In an Irish Independent interview, Wicklow footballer John McGrath, who played inter-county for 12 years prior to retiring last November, gave a clear insight into the changed mindset that has developed.

"Over the last five years, an average of 13 players have left the (Wicklow) panel every year. Others don't want to play in the first place," he said.

As Wicklow's GPA rep for five years, he knew what was going on in other counties too, several of whom were having the same experience.

"Even Meath don't always have their best players. Counties like Wicklow are looking at them and thinking: if those problems are there, what chance have we got?"

McGrath is convinced that unless greater incentives are provided (he's a big fan of a Tier 2 championship as a starting point) even more players will ignore the county call.

"If that happens, it won't be the GAA as we know it. Some counties could end up like Kilkenny (football)," he said. That might appear alarmist, but players like McGrath are perfectly placed to assess the mood in lower-ranked counties.

A decision on a Tier 2 football championship will be made later on this year but even if introduced, it won't automatically end the drift of players away from the county game.

The immediate challenge for the GAA is to acknowledge that a genuinely serious problem exists and that it will get worse unless addressed..

The GPA should be on the case too - after all they are supposed to represent all inter-county players - but, so far at least, they haven't said or done a whole lot about it.

As things stand, a substantial threat to the inter-county scene as we know it is hiding in plain sight of the GAA and GPA. It's time to wake up to the obvious implications.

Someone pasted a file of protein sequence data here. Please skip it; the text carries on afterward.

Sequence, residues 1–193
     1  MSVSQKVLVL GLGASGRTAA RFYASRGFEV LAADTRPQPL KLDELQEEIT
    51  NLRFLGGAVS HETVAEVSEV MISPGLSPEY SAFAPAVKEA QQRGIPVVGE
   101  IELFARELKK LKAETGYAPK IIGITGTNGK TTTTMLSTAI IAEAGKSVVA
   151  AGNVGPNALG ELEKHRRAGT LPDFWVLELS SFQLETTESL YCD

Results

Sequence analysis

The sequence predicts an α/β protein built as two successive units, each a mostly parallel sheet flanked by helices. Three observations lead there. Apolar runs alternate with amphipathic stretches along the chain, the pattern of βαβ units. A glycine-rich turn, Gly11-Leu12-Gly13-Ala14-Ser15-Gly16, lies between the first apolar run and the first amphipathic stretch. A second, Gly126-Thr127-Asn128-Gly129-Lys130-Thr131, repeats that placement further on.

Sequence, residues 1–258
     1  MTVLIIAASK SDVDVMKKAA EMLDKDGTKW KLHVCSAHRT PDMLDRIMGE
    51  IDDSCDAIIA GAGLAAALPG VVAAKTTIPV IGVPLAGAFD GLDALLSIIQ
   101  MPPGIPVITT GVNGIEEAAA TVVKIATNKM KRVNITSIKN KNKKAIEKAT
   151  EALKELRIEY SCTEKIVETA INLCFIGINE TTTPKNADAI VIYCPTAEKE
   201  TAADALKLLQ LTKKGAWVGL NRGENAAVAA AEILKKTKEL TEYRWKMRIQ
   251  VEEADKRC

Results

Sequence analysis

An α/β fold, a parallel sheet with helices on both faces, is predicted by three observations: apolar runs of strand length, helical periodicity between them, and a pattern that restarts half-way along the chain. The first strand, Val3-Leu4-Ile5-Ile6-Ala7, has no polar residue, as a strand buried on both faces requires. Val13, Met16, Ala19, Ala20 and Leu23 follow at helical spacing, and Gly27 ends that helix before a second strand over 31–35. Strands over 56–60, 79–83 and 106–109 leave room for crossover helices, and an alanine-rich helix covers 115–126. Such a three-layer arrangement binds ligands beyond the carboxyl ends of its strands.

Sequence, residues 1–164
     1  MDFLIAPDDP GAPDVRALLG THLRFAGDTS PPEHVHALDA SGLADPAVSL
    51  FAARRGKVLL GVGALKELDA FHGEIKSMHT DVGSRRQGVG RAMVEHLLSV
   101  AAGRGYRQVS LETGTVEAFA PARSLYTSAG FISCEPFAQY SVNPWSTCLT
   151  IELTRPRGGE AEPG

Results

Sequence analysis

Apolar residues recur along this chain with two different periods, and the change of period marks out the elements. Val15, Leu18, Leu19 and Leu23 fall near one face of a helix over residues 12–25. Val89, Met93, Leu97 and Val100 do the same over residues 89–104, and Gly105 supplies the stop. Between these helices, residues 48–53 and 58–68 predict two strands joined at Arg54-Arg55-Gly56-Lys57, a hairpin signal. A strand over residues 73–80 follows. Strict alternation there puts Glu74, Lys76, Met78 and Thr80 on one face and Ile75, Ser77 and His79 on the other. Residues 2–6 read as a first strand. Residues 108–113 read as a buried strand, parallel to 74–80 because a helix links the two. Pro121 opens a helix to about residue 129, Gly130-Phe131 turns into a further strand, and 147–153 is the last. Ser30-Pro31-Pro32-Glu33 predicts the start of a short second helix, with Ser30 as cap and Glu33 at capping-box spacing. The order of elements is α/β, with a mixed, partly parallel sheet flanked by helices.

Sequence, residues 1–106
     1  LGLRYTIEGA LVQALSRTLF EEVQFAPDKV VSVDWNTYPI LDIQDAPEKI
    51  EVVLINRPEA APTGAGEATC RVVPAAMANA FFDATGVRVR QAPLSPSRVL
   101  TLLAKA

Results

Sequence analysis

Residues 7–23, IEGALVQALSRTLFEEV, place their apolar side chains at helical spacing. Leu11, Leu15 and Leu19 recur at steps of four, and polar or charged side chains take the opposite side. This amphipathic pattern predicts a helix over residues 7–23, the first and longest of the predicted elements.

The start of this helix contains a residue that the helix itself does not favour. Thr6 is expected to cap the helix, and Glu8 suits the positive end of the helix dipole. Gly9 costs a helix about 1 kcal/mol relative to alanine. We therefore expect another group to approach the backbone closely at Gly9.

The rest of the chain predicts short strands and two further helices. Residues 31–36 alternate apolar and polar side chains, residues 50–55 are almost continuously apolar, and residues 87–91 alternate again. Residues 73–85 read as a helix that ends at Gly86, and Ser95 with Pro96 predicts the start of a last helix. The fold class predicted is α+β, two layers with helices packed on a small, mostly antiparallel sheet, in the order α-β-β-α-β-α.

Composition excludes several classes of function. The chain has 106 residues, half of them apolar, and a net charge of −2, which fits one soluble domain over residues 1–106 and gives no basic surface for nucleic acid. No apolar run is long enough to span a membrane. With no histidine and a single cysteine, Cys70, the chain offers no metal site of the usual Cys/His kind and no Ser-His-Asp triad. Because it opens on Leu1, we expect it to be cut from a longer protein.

Beware of the propaganda war

We are being openly bombarded by claims that limiting the handpass to three as part of the experimental rules is reducing goal chances.

Tales of flowing moves taking players into goal-scoring areas, only to be thwarted by not being allowed a fourth or fifth handpass are being peddled so loudly that those of a suspicious disposition might get the whiff of collusion.

After all, if the new rules can be portrayed as evil goal-killers, it will greatly strengthen the case for those who want them scrapped before the start of the Allianz League.

Hopefully, the transparent stunt will be seen for what it really is: an attempt to spark a panic reaction based on a small number of games with below-strength teams.

If the handpass experiment is to be meaningful, it must be retained for the 116-match league programme, after which a fully informed  analysis of its impact can be made. This is no time to bow to managers and their vested interests.


Rebel plan needs to be good after dramatic slump

When Cork won the 2010  All-Ireland senior football title, it was generally assumed that the future on Leeside was bright.

The U-21s had won two of the previous four All-Ireland U-21 titles and six of the previous ten Munster titles, while the minors had won four provincial titles in ten years.

What could possibly go wrong? Quite a lot, as it happens. Since then, Cork’s only senior success was in the 2012 Munster Championship. Neither the U-21s (now U-20) nor the minors have won an All-Ireland – indeed the minors haven’t won a provincial title since 2010.

As for the seniors, their only two championship wins over Division 1 opposition in the last eight seasons were against Down (qualifiers) in 2011 and Kerry (2012 Munster semi-final).

All of which goes to show that however high a county’s stock is, there are no guarantees for the future. Cork launch a five-year football strategic plan today and, judging by recent experiences, it had better be good.

Irish Independent